mri scanIn an article entitled “Religion and the Brain” (Newsweek,May 14, 2001, International Edition), Sharon Begley surveys the growing field of ‘Neurotheology’, the study of the biological basis for spirituality. Her article mentions among other things, the possibility that Paul’s many encounters with the Lord were actually the products of abnormal bursts of electrical activity in his brain caused by temporal-lobe epilepsy.

After surveying various positions, Begley ends her article with a quote from Robert K. Forman: “In mystical experiences, the content of the mind fades, sensory awareness drops out, so you are left only with pure consciousness. This tells you that consciousness does not need an object, and is not a mere by product of sensory action.”

Begley ends her article with the following statement: “The question of whether our brain wiring creates God or whether God created our brain wiring will most likely remain purely a matter of faith.”

Is God purely a creation of brain activity?

Are our experiences of God merely biological activity with no basis in any reality outside of ourselves? Boys and girls, can you say “reductionism?” The Collins English Dictionary defines reductionism as: “any theory or method that holds that a complex idea, system etc., can be completely understood in terms of its simpler parts or components.”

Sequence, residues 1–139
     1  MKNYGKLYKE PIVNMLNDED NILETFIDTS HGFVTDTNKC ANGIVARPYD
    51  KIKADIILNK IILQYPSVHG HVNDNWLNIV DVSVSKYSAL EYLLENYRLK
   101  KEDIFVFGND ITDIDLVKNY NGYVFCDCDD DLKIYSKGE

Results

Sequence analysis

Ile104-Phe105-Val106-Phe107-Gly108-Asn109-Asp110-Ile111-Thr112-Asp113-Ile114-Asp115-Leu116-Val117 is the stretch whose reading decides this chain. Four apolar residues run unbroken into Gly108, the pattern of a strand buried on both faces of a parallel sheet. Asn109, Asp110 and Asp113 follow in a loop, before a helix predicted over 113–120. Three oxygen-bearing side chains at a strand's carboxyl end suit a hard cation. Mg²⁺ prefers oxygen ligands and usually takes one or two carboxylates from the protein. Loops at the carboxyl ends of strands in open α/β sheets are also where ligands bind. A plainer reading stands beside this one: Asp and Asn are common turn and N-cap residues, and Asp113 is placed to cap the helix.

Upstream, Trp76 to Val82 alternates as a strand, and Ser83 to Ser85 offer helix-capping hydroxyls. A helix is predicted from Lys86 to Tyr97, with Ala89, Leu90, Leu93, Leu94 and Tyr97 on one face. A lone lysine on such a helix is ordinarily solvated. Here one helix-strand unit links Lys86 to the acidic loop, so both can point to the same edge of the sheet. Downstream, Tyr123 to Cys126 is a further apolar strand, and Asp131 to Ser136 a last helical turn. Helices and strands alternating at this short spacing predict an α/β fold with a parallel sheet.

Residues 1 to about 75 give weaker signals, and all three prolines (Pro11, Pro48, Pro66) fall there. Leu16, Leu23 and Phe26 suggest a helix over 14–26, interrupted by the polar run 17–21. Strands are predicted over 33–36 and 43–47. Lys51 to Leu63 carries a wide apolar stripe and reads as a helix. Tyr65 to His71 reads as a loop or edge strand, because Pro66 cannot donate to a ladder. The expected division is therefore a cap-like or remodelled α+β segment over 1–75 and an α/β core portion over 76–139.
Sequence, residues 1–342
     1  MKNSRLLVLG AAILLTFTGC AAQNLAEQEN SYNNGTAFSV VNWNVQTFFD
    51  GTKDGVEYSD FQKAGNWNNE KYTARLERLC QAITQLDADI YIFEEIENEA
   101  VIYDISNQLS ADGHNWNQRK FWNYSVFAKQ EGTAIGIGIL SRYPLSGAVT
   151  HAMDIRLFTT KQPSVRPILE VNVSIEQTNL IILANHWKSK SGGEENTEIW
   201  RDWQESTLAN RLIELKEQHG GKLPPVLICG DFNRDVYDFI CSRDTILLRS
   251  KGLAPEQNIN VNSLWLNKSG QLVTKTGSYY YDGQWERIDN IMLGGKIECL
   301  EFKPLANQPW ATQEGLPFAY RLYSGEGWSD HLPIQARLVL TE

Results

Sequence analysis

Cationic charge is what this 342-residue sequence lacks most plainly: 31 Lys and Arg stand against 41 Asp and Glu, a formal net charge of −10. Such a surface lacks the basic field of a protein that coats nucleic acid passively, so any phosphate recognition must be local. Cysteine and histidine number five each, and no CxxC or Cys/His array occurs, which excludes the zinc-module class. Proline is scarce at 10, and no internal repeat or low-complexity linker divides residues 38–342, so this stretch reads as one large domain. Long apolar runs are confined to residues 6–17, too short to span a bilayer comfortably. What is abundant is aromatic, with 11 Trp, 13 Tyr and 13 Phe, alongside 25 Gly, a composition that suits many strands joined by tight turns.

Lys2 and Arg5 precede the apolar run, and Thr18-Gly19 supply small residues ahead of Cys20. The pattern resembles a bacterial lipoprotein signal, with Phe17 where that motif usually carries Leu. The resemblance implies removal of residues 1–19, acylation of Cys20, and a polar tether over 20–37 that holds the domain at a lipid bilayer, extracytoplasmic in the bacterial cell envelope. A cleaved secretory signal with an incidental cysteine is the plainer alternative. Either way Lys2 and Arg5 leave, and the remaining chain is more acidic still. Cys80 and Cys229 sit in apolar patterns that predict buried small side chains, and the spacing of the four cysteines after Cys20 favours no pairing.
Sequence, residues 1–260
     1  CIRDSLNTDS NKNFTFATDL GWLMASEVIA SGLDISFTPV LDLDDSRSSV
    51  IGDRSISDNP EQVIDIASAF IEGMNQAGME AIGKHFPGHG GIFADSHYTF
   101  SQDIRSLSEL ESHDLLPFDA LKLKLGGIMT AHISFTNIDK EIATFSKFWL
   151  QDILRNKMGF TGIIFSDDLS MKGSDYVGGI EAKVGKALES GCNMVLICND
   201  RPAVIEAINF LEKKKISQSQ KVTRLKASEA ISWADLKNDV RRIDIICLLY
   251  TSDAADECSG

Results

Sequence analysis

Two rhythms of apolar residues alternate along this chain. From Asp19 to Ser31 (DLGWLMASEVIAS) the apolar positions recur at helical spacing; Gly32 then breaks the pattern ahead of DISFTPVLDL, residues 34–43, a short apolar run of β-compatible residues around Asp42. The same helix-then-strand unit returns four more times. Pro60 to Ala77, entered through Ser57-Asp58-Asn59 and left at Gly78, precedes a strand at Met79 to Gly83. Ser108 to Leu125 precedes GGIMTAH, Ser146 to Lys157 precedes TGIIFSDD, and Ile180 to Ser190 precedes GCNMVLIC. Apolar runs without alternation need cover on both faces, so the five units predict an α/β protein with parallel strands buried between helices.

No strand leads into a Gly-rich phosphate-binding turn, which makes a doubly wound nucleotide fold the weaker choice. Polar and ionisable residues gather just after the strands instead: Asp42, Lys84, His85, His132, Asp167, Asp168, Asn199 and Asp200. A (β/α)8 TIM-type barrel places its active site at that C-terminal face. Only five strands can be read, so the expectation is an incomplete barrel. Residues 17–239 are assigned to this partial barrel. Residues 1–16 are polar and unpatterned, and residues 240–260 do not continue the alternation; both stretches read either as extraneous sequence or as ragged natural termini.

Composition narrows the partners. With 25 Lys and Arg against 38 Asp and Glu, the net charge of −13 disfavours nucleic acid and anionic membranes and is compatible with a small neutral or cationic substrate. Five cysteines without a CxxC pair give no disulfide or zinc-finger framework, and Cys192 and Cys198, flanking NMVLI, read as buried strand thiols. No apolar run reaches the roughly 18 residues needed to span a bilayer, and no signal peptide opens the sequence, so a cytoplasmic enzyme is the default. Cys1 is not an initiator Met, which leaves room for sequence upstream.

That our brain would be active in the midst of a spiritual encounter is not the issue. As Begley herself states: “That a religious experience is reflected in brain activity is not too surprising, actually. Everything we experience….leaves a trace on the brain.” To conclude that therefore all experience of the divine is ONLY the product of brain activity is a conclusion that goes beyond the data.

In an accompanying article in the same issue of Newsweek, Kenneth L. Woodward correctly points out that: “The most that neurobiologists can do is correlate certain experiences with certain brain activity. To suggest that the brain is the only source of our experiences would be reductionist, ignoring the influence of other important factors, such as the will, the external environment, not to mention the operation of divine grace.”

Clearly the Bible contains many examples of God’s people claiming to have encountered God. But the foundation of the Christian faith is not built on such personal experiences. It is built on historical events, like the Exodus; and Jesus’ life, death, and resurrection. As Paul said in 1 Corinthians 15:17: “If Christ was not raised, your faith has nothing to it…

But Paul knows better: “But the truth is, Christ was raised to life–the first fruits of the harvest of the dead.” (V.20) REB

The foundation of the Christian faith is not subjective personal religious experiences. The foundation of the Christian faith is the hard historical reality of Jesus’ death and resurrection, an event attested to by sound and convincing evidence. Perhaps it is also worth mentioning that the evidence of true Christian spirituality does not lie in the realm of spiritual experiences either. It is sacrificial, agape love. ( 1 Corinthians 13)

We do not want to disparage the reality of spiritual experiences. Surely a great God will encounter His people in diverse ways. But we need not be shaken by those who contend that our spiritual experiences are merely biochemical activity. The roots and the fruits of our faith lie elsewhere.